IEER | Publications

Atomic Myths, Radioactive Realities:
Why Nuclear Power Is a Poor Way to Meet Energy Needs

Arjun Makhijani*
Journal of Land, Resources, & Environmental Law, Vol. 24 No. 1 2004
University of Utah College of Law
"It is not too much to expect that our children will enjoy in their homes electrical energy too cheap to meter, will know of great periodic regional famines in the world only as matters of history, will travel effortlessly over the seas and under them and through the air with a minimum of danger and at great speeds, and will experience a lifespan far longer than ours ... . This is the forecast for an age of peace." Lewis Strauss, AEC Chairman, 19541

"It is safe to say ... that atomic power is not the means by which man will for the first time emancipate himself economically, whatever that may mean; or forever throw off his mantle of toil, whatever that may mean. Loud guffaws could be heard from some of the laboratories working on this problem if anyone should in an unfortunate moment refer to the atom as the means of throwing off man's mantle of toil. It certainly is not that! ...At present, atomic power presents an exceptionally costly and inconvenient means of obtaining energy which can be extracted much more economically from conventional fuels... . The economics of atomic power are not attractive at present, nor are they likely to be for a long time in the future. This is expensive power, not cheap power as the public has been led to believe." C. G. Suits, Director of Research, General Electric, 19512

Atomic power was born of self-deception as well as deliberate deception. There were messianic pronouncements of paradise on Earth that began at the end of World War II. Alvin Weinberg, a nuclear reactor designer and the first director of Oak Ridge National Laboratory, said in retrospect, in 1981, that he had "a little bit of the same spirit as the Ayatollah [Khomeini] has at the moment."3

Such fervent and self-deceptive excitement seemed to slide seamlessly into deliberate propaganda that the government knew was false. For by 1954, when Lewis Strauss made his famous statement that nuclear power would be "too cheap to meter" in the foreseeable future, a number of government and corporate studies had concluded the contrary.4 None showed that it would be cheap, let alone "too cheap to meter."5 The assessment of C. G. Suits of General Electric, quoted above, was distinguished from many others only in that it was more blunt.

Nor was there any reasonable prospect based on basic engineering considerations that nuclear power could be so cheap that any task, no matter how energy intensive, would have negligible energy costs. In the most optimistic scenario for nuclear power, it might be assumed that the fuel cost would be nearly zero. But that would still leave eighty-five percent of the costs of electricity for residential and small business consumers and sixty percent for the largest industrial users intact. The reason is that the bulk of the costs of electricity are related not to the fuel and the boiler (the functions served by the nuclear fuel and nuclear reactor), but by the power generating equipment, and the transmission and distribution network. Moreover, it was clear even then that (i) nuclear reactors would cost far more than coal-fired boilers, and (ii) it would be difficult to manage and dispose of nuclear waste. And of course, nuclear fuel was not free. Uranium was thought to be a scarce resource in the 1950s and fuel costs then were expected to be an important part of the costs of generating nuclear power.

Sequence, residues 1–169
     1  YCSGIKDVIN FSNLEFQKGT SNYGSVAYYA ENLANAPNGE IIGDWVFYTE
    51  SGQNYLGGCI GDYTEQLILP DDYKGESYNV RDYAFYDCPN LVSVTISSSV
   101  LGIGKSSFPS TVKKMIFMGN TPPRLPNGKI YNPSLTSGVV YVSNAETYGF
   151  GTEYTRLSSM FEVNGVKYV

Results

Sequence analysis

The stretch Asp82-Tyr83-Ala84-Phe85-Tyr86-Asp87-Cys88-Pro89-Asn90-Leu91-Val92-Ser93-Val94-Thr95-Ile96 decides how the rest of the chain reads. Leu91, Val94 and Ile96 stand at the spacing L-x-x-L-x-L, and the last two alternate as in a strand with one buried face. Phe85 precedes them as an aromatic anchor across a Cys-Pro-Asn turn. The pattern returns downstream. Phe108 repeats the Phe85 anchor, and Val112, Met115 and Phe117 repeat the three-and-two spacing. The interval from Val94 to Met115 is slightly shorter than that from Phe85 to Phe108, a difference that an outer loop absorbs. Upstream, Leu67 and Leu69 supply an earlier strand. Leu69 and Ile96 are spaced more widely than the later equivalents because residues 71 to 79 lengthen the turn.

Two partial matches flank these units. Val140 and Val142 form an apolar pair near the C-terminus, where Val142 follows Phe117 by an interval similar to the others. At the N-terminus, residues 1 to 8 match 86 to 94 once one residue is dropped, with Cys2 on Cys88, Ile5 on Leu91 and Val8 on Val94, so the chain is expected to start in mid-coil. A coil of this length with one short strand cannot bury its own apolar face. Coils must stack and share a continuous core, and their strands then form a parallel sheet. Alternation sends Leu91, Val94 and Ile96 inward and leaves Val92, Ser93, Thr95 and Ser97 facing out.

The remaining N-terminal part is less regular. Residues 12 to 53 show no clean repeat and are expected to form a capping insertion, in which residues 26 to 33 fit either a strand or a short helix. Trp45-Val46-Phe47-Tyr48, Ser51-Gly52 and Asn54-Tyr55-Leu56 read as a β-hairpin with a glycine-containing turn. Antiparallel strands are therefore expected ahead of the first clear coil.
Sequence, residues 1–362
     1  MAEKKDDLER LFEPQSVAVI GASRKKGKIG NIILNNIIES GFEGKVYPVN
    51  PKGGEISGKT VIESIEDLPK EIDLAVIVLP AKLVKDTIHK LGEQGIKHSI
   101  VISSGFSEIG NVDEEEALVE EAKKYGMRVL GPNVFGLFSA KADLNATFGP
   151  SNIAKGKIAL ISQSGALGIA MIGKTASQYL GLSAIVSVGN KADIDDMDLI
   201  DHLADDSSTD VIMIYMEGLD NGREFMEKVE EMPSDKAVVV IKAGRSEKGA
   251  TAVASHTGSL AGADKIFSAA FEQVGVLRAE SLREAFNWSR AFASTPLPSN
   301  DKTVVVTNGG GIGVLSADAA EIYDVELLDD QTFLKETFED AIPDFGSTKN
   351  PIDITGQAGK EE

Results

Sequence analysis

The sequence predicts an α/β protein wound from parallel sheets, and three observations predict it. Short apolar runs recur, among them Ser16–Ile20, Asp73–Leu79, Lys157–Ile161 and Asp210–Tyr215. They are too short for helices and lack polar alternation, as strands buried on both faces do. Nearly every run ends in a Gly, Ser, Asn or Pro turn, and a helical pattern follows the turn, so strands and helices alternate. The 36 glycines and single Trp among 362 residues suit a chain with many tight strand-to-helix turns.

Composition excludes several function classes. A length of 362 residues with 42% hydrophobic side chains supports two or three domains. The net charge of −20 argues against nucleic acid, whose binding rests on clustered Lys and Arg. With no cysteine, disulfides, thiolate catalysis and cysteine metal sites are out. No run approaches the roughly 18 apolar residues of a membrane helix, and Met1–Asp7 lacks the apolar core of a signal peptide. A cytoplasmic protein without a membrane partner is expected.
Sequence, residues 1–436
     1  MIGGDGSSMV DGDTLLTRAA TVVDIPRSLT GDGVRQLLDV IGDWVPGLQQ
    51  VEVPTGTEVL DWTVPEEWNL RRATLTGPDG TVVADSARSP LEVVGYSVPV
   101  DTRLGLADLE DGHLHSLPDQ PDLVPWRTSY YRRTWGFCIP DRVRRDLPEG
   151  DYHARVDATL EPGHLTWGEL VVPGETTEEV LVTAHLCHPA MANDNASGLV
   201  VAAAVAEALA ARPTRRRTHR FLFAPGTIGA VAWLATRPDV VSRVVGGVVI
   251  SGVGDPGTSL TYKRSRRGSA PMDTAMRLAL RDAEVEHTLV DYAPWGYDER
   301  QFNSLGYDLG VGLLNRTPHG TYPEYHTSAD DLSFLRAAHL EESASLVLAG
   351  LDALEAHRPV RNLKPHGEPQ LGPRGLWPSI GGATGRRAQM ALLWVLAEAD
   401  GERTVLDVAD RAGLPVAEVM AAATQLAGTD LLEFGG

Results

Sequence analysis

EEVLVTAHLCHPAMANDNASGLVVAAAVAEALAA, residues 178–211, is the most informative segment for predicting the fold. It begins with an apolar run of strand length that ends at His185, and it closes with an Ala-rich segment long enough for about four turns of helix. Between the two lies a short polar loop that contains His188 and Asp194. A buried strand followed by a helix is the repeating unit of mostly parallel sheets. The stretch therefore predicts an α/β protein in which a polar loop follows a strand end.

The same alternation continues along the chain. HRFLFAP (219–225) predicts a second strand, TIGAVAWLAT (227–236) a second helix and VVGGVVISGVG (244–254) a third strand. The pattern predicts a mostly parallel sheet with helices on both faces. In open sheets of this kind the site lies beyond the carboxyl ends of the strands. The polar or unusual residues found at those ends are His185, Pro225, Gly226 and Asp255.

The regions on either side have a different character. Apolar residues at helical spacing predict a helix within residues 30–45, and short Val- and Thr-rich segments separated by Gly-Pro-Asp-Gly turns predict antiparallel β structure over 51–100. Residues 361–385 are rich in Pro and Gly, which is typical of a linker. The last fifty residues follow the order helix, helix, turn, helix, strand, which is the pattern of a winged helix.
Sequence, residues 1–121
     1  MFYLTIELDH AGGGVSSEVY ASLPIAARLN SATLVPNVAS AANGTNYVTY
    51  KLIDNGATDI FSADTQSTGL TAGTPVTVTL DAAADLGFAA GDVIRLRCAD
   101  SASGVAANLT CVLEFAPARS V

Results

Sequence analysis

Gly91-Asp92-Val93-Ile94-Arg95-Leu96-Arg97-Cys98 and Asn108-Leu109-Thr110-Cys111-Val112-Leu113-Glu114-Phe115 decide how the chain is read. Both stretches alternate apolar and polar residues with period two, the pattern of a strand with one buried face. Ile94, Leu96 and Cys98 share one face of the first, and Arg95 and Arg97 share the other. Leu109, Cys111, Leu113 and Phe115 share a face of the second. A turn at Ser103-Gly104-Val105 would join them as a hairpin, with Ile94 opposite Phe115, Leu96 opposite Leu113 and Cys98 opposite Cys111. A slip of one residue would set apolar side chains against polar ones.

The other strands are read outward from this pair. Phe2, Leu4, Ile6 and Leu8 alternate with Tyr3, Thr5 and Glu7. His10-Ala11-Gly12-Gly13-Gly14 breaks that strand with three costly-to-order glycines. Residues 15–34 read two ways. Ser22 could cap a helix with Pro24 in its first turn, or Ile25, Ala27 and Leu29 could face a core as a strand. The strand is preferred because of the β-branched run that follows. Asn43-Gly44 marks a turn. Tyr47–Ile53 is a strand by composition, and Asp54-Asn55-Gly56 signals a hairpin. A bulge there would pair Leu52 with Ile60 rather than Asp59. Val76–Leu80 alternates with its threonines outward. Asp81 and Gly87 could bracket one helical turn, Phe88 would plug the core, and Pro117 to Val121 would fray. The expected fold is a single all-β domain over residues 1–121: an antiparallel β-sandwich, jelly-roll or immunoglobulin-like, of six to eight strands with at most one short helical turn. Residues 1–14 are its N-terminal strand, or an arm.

The West knows the costs of uranium fuel well. This is especially so in the Colorado Plateau, which is dotted with about two hundred million tons of radioactive mill tailings6 and possibly a comparable amount of uranium mine waste. These wastes have injured health, polluted precious water supplies, and resulted in billions of dollars in clean-up costs.7 And the liabilities will extend into the future for tens of thousands of years. The half-life of thorium-230, the radionuclide that drives the radioactivity content of mill tailings, is about 75,000 years. Thorium-230 decays into radium-226, which has a half-life of 1,600 years.8

Yet the propaganda continues in the face of this radioactive mess. In a recent article in Foreign Affairs, which is an advocacy piece for nuclear power, Richard Rhodes and Denis Beller stated that the annual output of waste from a nuclear power plant was only a tiny twenty cubic meters (compacted). They then compare this to a weight measure - compared to half a million metric tons of waste for a coal-fired plant.9